Aim To determine the prevalence of blindness, visual impairment and the cataract surgical coverage for people aged 50 years and older in the Lumbini Zone and the Chitwan District (Narayani Zone) of Nepal.
Methods A population-based cross-sectional study in 2006 selected subjects aged 50 years and older through a random multistage cluster sampling and door-to-door enumeration. Ophthalmic examination included visual-acuity assessment and refraction, and anterior and posterior segment examination of the eyes carried out by a trained ophthalmologist and two ophthalmic assistants at centralised locations.
Results The survey examined 5138 of 5196 persons enumerated (response rate of 86.8%). The mean age of the subjects was 61 (SD 9.2) years, and 2701 (52.6%) subjects were women. The age–sex-adjusted prevalence of blindness (best presenting vision <6/60) and visual impairment (better-eye presenting visual acuity of <6/18 to ≥6/60) were 4.6% (95% CI 3.4 to 5.8) and 18.9% (95% CI 16.4 to 21.4), respectively. Blindness was significantly lower in the hill (3.3%) compared with the plain (5.8%) regions (OR 0.6; 95% CI 0.4 to 0.9). The primary causes for blind eyes were cataract (n = 228, 48.1%), refractive error (n = 149, 31.4%), retinal disorders (n = 19, 4.0%) and corneal opacity (n = 18, 3.8%). The overall cataract surgical coverage was 66.6%. Cataract surgical coverage was not significantly associated with age, sex, literacy or District.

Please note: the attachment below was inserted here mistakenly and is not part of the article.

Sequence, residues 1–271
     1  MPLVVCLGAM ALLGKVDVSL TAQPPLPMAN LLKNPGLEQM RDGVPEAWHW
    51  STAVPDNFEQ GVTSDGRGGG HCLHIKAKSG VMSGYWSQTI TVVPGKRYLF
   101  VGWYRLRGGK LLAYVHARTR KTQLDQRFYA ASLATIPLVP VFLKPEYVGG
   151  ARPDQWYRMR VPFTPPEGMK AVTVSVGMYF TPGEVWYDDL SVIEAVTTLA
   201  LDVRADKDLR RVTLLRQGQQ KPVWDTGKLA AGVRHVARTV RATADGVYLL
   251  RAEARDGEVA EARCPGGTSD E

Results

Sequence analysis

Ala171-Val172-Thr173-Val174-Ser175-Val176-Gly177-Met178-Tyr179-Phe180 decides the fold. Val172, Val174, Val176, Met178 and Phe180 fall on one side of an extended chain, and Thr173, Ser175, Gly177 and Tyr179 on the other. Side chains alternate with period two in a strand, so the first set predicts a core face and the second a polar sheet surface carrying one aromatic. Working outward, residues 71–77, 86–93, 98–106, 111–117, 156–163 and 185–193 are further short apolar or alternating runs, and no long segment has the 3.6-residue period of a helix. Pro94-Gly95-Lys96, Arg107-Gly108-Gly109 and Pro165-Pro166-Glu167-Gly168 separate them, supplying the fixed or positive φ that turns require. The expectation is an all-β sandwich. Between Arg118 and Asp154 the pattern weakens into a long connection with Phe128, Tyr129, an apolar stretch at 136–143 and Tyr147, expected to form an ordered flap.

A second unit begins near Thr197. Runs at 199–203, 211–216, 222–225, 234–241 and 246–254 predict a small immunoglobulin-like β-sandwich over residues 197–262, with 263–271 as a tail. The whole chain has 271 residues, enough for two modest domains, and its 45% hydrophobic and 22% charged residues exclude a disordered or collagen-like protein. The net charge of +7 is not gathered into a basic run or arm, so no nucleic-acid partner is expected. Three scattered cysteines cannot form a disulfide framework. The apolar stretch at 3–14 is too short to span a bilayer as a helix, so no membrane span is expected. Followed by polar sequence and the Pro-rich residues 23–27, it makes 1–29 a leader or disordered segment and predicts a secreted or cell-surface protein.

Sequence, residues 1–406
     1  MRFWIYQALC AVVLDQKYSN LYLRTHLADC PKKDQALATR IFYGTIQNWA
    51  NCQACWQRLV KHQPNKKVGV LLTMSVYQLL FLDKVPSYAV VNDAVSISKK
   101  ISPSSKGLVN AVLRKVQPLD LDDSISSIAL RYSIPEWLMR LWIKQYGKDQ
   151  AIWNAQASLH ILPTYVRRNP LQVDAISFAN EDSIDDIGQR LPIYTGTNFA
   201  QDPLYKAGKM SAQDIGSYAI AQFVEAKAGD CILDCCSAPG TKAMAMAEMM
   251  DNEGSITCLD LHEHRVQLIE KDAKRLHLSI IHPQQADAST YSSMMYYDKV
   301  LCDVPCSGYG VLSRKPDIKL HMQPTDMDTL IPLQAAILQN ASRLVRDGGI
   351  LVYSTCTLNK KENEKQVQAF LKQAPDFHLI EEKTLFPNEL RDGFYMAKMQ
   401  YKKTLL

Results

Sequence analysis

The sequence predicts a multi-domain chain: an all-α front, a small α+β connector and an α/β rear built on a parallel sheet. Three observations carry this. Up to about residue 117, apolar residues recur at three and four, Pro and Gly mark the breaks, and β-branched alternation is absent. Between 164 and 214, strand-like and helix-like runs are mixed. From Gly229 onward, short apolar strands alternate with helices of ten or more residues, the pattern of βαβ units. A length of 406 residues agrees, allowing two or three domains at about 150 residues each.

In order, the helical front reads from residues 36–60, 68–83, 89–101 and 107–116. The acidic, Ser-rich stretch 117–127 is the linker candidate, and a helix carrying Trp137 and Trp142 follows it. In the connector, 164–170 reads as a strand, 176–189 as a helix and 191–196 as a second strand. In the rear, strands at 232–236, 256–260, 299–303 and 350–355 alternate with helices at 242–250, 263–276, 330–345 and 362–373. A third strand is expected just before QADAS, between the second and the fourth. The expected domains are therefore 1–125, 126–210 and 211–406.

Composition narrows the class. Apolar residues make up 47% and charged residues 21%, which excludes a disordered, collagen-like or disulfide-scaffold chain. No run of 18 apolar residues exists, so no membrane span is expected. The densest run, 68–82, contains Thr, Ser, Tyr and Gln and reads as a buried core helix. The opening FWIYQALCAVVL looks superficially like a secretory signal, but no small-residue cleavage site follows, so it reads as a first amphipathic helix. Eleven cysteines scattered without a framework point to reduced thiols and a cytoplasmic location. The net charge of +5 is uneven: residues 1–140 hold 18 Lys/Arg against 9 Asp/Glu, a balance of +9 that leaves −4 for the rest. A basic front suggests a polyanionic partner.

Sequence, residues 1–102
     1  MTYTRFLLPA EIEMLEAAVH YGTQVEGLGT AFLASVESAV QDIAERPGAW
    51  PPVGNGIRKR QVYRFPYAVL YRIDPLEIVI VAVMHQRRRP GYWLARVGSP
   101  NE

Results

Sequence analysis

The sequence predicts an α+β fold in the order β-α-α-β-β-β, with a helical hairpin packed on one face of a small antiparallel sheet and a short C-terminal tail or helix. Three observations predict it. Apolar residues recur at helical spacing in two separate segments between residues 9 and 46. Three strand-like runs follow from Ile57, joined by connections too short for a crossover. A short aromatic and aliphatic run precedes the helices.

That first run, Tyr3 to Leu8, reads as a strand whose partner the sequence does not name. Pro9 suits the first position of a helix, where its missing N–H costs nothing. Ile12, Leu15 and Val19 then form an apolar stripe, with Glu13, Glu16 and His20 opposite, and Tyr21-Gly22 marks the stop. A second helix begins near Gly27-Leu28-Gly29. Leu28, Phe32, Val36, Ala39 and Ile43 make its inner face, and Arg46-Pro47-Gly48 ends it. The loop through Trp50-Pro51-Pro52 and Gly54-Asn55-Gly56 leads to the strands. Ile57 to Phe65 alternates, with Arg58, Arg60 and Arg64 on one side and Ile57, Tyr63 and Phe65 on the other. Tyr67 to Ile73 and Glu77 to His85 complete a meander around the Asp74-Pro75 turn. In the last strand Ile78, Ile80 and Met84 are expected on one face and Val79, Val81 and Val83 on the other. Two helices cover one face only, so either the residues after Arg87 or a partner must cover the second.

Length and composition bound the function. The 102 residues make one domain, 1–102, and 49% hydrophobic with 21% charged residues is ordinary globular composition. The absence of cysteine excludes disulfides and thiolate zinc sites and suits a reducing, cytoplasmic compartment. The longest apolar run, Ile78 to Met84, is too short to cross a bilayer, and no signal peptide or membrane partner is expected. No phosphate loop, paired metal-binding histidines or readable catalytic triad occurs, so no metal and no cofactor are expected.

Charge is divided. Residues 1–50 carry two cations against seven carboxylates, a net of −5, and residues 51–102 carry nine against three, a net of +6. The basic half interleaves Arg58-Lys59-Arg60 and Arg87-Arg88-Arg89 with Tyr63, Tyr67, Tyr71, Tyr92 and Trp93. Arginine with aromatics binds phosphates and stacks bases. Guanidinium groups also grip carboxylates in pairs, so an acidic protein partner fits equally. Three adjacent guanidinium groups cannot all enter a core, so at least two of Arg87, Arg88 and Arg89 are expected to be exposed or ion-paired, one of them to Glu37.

Conclusion Although the prevalence of blindness and visual impairment is lower than 10 years ago, particularly among women, correctable blindness due to cataract and refractive error (79.5% of blind people) remains a significant population health problem in Lumbini Zone and Chitwan District.
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Funding The study was supported by the Lumini Eye Institute, SEVA Canada and Seva Foundation (USA).
Competing interests None.
Ethics approval Ethics approval was provided by Lubmini Eye Institute, and Nepal Netra Jyoti Sangh.
Patient consent Obtained.
Provenance and peer review Not commissioned; externally peer reviewed.